Archive for the ‘Feature Articles’ category
The Kitty Packard Pictorial is pleased to be back with another installment of “The Kitty Corner,” a series spotlighting some of the very best film blogs on the web, and the masterminds behind them. Today, The Pictorial sits down with Raquel Stecher of “Out Of The Past.”A book industry professional based out of Boston, Stecher’s blog has chronicled her growth as a film fan–a fascinating, insightful journey that she’s been sharing with readers for over six years. Stecher sat down with the Pictorial to discuss the impact classic films have had on her life
THE KITTY PACKARD PICTORIAL
Let’s start off with a bit of background. Anyone who follows your blog knows that you’ve been running the classic film blog “Out of the Past” for over six years now. Would you care to tell us about how and why you decided to take your love of film to blogging?
I started my blog years ago out of a desperate need to talk about classic movies to someone—anyone. I had so much to say and only one person to talk to, my coworker Frank. And I was already talking his ear off. I needed an outlet and “Out of the Past” was born.
So then classic movies, up that point, had been pretty much an isolated experience for you?
Yes. I get really passionate about my interests and if I can’t find many people to share those interests with, I’m OK with that. But there was something about classic movies. I needed to watch them and talk about them. I really wanted to find other people who shared my interest and would listen to me. Read more ►
Who’d have thought that Argo, a political thriller about the Iranian hostage crisis of 1979, would turn out to be the most quintessentially “Hollywood” film of the year.
It is a story that most American’s know, and remember, vividly: In 1979, the U.S. Embassy was besieged by a group of 500 strong Iranian Revolutionaries in protest of America’s support of Mohammed Reza, Iran’s deposed Shah. Fifty-two Americans were held hostage for a shocking 444 days. Six American diplomats escaped the coup, and were ushered into underground sanctuary by the Canadian embassy. The question, obviously, was how the hell to get them out of the country. Read more ►
“Awards! All this town does is give awards! Best Fascist Dictator, Adolf Hitler!” – Woody Allen, Annie Hall
If by chance you are unfamiliar with how the Awards season works, here’s a brief outline: Studios tend to release their real Oscar contenders (i.e., films with any sort of non-mainstream artistic merit) until the year’s final Quarter when, badda bing badda boom, theatres find themselves gorged with posters fairly grafittied by four stars and gratuitous praise– all of which prominently feature the words BEST FILM OF THE YEAR in bolded Times New Roman. Courting the attentions of voting members of the Academy and industry guilds, these films bottleneck around Thanksgiving, just in time for the first in a long slew of awards nominations. The Hollywood Foreign Press Association unofficially kicks off the Oscar race with the Golden Globes, followed in quick succession by the major industry guild awards, The PGA, DGA and SAG, all of which have a heavy influence on the Oscar outcome (the DGA has failed to predict the best director Oscar only 7 times in the past 60 years). The BAFTAs roll around in early February and, by then, the hotly contended Oscar race has been wined and dined until the Academy members’ votes have been more or less… secured. If this sounds like a well-oiled political machine, that’s because it is. By the time Oscar night rolls around, the odds are so firmly fixed that there are few, if any, surprises. Read more ►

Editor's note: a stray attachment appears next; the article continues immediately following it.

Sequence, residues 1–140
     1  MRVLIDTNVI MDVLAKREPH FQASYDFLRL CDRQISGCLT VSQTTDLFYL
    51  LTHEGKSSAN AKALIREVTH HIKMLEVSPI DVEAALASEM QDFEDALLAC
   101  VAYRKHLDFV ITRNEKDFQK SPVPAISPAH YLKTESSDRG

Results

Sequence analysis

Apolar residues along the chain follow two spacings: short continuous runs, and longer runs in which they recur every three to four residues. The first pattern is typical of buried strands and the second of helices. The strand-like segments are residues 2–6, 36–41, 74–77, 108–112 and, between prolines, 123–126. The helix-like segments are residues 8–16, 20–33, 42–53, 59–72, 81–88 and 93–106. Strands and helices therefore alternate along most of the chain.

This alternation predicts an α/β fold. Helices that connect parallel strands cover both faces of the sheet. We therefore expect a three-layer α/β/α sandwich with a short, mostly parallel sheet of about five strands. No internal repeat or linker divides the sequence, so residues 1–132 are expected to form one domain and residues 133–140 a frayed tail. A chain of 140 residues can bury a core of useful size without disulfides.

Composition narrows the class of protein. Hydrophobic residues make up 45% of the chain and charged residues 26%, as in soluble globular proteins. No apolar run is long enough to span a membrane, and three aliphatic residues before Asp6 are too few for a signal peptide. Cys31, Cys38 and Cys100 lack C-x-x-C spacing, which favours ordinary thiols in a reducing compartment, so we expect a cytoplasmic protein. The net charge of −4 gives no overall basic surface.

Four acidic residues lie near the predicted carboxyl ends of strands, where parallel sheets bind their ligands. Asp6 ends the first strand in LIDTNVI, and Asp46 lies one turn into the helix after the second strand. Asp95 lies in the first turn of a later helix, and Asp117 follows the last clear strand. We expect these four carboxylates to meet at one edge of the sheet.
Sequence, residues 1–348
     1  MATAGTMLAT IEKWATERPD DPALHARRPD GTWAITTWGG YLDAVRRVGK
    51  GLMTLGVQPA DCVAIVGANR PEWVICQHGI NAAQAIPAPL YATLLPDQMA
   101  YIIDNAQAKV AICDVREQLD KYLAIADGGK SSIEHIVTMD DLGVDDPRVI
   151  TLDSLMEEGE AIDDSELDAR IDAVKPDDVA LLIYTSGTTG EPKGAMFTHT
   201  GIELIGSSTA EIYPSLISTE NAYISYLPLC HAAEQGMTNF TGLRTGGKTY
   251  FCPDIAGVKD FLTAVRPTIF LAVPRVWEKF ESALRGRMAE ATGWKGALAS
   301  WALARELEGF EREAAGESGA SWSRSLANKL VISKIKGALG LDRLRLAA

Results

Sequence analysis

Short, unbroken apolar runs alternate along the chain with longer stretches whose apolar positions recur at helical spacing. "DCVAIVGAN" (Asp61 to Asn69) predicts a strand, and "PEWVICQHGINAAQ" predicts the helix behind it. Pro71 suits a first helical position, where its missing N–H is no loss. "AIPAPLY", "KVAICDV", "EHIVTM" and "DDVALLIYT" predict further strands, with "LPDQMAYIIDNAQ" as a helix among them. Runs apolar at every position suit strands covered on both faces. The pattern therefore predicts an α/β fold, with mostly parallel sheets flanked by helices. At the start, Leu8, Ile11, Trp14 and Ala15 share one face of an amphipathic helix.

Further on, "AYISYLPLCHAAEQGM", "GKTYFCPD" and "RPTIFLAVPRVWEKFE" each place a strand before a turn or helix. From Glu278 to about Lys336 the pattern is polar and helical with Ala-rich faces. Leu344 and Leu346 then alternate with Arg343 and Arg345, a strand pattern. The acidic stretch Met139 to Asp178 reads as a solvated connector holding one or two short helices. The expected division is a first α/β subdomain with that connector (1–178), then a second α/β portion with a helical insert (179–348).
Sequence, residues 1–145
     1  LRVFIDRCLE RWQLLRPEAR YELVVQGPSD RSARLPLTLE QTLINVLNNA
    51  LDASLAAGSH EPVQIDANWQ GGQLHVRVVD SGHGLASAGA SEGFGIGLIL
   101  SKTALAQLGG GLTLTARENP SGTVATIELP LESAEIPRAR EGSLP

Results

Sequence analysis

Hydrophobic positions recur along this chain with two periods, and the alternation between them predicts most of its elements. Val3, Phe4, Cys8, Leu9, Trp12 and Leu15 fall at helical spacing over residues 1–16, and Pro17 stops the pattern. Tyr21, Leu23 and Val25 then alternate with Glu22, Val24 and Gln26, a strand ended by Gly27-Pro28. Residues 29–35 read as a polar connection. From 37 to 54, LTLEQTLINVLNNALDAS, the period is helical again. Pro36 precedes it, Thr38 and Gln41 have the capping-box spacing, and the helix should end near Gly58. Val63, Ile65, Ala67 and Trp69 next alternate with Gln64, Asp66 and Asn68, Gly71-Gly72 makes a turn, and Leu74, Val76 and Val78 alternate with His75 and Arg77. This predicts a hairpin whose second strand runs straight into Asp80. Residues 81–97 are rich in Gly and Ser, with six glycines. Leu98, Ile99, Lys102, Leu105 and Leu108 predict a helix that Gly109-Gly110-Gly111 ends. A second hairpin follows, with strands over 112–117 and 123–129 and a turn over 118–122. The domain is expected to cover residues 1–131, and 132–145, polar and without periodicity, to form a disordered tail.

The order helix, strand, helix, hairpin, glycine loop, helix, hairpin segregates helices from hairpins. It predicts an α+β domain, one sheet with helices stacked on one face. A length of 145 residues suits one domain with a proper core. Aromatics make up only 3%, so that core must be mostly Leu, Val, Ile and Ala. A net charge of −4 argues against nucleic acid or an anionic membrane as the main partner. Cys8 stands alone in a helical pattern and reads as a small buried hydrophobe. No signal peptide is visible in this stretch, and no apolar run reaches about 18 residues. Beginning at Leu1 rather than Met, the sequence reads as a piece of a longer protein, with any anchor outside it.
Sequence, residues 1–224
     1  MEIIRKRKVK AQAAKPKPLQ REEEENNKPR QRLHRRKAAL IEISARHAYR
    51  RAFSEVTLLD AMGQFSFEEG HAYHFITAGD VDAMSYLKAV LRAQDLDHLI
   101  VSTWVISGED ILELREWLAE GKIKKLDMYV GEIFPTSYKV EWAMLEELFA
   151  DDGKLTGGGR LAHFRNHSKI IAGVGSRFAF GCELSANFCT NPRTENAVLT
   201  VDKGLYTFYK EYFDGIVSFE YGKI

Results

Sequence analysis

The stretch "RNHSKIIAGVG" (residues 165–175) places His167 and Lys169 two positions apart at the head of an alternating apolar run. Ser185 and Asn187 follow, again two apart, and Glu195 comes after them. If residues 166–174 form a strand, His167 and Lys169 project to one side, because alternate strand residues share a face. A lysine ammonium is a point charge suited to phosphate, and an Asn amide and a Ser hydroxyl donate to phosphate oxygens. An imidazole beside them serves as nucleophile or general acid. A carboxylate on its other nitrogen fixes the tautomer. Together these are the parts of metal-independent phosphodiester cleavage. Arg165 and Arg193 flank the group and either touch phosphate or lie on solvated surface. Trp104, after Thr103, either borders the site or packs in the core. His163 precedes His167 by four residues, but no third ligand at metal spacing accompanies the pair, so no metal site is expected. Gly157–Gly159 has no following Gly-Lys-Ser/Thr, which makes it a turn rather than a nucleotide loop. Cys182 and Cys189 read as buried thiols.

First things first: this post is in conjunction with the Park Circus Charlie Chaplin Blogathon … for which I am shamefully late. The blogathon wrapped two days ago, but I absolutely HAD to contribute. Park Circus does amazing work: a UK-based organization dedicated to bringing classic films back to their home on the big screen. Not being a part of their Chaplin blogathon would be unforgivable!
So. That being said…
I thought it would be fun to explore Chaplin’s fascinating love/hate relationship with a little thing called … sound. Chaplin may have been the one filmmaker to hold out the longest against sound, but he also happened to be one of the earliest filmmakers to embrace it. A fitting contradiction given Chaplin was a man of so many contradictions. Read more ►
(brief forward: this post is meant to be simply a study of the history of color film from 1939 – 1969. It is not intended to exclude or demean the importance of any color or black and white films not mentioned herein… and it is CERTAINLY not meant to imply the superiority of one process over the other.)
“Film color is not real. We accept it because we have to and because we’re used to it. The sky is not the blue that you see on film. And the green grass is not the green you see on film. I remember once in London stumbling across Michelangelo Antonioni shooting Blow-Up with Carlo Di Palma and they were painting the grass green. And I said to Antonioni, ‘Did you not like the color?’ He said, ‘No, I just want it to look like real green.” — Sidney Lumet, 2007. Read more ►